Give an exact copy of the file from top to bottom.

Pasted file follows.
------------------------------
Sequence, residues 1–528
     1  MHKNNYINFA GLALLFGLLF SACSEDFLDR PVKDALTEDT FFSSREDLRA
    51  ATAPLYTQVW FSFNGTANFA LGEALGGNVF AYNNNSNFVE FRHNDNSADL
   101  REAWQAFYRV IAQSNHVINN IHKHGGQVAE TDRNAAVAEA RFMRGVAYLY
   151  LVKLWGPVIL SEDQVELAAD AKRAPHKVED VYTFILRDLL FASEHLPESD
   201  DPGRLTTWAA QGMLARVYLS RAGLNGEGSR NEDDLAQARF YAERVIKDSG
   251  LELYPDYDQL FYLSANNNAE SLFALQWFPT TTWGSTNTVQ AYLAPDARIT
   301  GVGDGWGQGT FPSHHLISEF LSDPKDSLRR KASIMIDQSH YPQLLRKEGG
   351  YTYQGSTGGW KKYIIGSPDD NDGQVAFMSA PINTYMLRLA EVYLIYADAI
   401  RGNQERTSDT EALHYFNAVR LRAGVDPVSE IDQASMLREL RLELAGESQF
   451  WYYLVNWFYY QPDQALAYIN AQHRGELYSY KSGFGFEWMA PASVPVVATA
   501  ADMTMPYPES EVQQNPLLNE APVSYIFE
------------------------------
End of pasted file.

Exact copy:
Sequence, residues 1–528
     1  MHKNNYINFA GLALLFGLLF SACSEDFLDR PVKDALTEDT FFSSREDLRA
    51  ATAPLYTQVW FSFNGTANFA LGEALGGNVF AYNNNSNFVE FRHNDNSADL
   101  REAWQAFYRV IAQSNHVINN IHKHGGQVAE TDRNAAVAEA RFMRGVAYLY
   151  LVKLWGPVIL SEDQVELAAD AKRAPHKVED VYTFILRDLL FASEHLPESD
   201  DPGRLTTWAA QGMLARVYLS RAGLNGEGSR NEDDLAQARF YAERVIKDSG
   251  LELYPDYDQL FYLSANNNAE SLFALQWFPT TTWGSTNTVQ AYLAPDARIT
   301  GVGDGWGQGT FPSHHLISEF LSDPKDSLRR KASIMIDQSH YPQLLRKEGG
   351  YTYQGSTGGW KKYIIGSPDD NDGQVAFMSA PINTYMLRLA EVYLIYADAI
   401  RGNQERTSDT EALHYFNAVR LRAGVDPVSE IDQASMLREL RLELAGESQF
   451  WYYLVNWFYY QPDQALAYIN AQHRGELYSY KSGFGFEWMA PASVPVVATA
   501  ADMTMPYPES EVQQNPLLNE APVSYIFE